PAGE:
Sunday, November 27, 2011

The Migration Back to Cities

My Internet connection tends to mysteriously vanish, without any indication what's wrong. Hopefully it will come back. In the meantime, here's this: The Death of the Fringe Suburb. It seems people like James Howard Kunstler and the New Urbanists are being vindicated.
Many boomers are now empty nesters and approaching retirement. Generally this means that they will downsize their housing in the near future. Boomers want to live in a walkable urban downtown, a suburban town center or a small town, according to a recent survey by the National Association of Realtors.

The millennials are just now beginning to emerge from the nest — at least those who can afford to live on their own. This coming-of-age cohort also favors urban downtowns and suburban town centers — for lifestyle reasons and the convenience of not having to own cars.

Over all, only 12 percent of future homebuyers want the drivable suburban-fringe houses that are in such oversupply, according to the Realtors survey. This lack of demand all but guarantees continued price declines. Boomers selling their fringe housing will only add to the glut. Nothing the federal government can do will reverse this.

Many drivable-fringe house prices are now below replacement value, meaning the land under the house has no value and the sticks and bricks are worth less than they would cost to replace. This means there is no financial incentive to maintain the house; the next dollar invested will not be recouped upon resale. Many of these houses will be converted to rentals, which are rarely as well maintained as owner-occupied housing. Add the fact that the houses were built with cheap materials and methods to begin with, and you see why many fringe suburbs are turning into slums, with abandoned housing and rising crime.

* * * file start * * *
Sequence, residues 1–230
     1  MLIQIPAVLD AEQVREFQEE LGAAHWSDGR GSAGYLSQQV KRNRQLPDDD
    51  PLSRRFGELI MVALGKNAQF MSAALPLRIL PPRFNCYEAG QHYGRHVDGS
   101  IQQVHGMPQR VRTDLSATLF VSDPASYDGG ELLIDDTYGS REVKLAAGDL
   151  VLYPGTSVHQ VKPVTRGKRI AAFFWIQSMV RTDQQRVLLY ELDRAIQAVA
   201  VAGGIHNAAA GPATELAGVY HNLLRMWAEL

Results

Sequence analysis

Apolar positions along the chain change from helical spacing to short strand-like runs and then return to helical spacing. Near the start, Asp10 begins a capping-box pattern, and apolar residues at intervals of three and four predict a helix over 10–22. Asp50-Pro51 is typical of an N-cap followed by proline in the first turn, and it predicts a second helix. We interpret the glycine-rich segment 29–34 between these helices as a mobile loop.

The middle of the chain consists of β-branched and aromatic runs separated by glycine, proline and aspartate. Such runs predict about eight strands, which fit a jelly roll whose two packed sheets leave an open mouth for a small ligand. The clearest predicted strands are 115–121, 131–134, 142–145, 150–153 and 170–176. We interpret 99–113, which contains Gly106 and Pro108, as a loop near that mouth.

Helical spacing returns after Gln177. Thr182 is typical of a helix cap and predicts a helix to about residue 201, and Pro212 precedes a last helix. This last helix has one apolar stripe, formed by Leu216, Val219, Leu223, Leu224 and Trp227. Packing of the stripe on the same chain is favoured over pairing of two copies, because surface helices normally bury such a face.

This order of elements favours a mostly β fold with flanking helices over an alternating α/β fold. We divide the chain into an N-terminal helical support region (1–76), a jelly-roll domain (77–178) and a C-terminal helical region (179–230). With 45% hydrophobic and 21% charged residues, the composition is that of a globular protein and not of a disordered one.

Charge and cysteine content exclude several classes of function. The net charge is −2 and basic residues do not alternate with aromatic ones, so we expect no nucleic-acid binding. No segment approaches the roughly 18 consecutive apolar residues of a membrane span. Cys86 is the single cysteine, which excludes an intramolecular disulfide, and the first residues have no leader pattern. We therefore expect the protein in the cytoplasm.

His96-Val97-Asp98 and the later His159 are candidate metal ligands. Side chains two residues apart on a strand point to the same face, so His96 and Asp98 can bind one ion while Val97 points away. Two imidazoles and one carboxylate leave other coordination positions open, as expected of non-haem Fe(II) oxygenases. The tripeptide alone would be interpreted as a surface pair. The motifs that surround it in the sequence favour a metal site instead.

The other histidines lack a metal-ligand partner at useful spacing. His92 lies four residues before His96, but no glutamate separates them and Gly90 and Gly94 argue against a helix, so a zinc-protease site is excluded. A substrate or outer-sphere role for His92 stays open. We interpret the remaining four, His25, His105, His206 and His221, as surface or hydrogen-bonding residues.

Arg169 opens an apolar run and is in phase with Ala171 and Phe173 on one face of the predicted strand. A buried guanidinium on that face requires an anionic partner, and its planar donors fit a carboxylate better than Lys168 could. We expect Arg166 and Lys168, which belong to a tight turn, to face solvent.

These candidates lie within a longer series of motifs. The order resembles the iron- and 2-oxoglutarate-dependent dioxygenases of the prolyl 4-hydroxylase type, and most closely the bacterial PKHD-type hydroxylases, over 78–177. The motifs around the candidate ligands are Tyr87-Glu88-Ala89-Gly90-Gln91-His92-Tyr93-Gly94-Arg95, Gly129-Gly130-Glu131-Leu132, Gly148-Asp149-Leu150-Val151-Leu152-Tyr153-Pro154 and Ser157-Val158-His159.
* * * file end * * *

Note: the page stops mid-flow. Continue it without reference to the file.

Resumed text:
And, in fact, teenagers are driving less:
But with money tight in many households, and the cost of gas and insurance soaring, some youngsters are having to choose between buying a car and owning the latest smartphone or tablet.

In a survey to be published later this year by Gartner, 46% of 18 to 24-year-olds said they would choose internet access over owning their own car. The figure is 15% among the baby boom generation, the people that grew up in the 1950s and 60s - seen as the golden age of American motoring.

Wally Neil, a 25-year-old wholefood salesman, from Raleigh North Carolina, was determined to stand out from the crowd by not getting a driving licence and a car as soon as he was old enough.

But it was a decision made easier by the fact that he could speak to his friends online and play games with them over the internet so did not feel he was missing out.

"We were all pretty closely connected, even before Facebook.

"So we were not driving to our friends' houses, there was the gaming network and all that. We were putting the car on the back burner.

"There is a lot to be said for the video game killing the need for a car for a lot of kids."

For Wally, whose father Dan is a motoring writer and sports car enthusiast, walking everywhere or taking the bus when he was a teenager, rather than learning to drive, was "an act of rebellion".

But he still had to put up with the taunts of his friends, he says, who could not wait to get behind the wheel and thought public transport was "for losers".

"I was ridiculed a little bit in my peer group but I was also saving a lot of money at the time."

There is no question that fewer teenagers are on the roads in the US.

In 1978, 50% of 16-year-olds had obtained their first driving licence. In 2008, according to the US Transportation Department, it was just 30%.

The number of those aged 19 and under with driving licences has also been in steady decline since its 1978 peak, when 11,989,000 had one. In 2010, it was 9,932,441, or 4.1% of American drivers.

So the next generation seems to be much less obsessed with car ownership and suburban living. What happens when they become the majority as Baby Boomers die off? There is change in the air...

Saturday, November 26, 2011

The New York Times Discovers The Jobless Future

The Roman Emperor Titus Flavius Caesar Vespasianus Augustus, known to us as Vespasian, was responsible for beginning construction of one of the largest building projects of the ancient world - the Flavian Ampitheater, better known as the Colosseum. When offered labor saving devices to decrease the amount of workmen needed, Vespasian refused. Michael Grant reports in The World of Rome: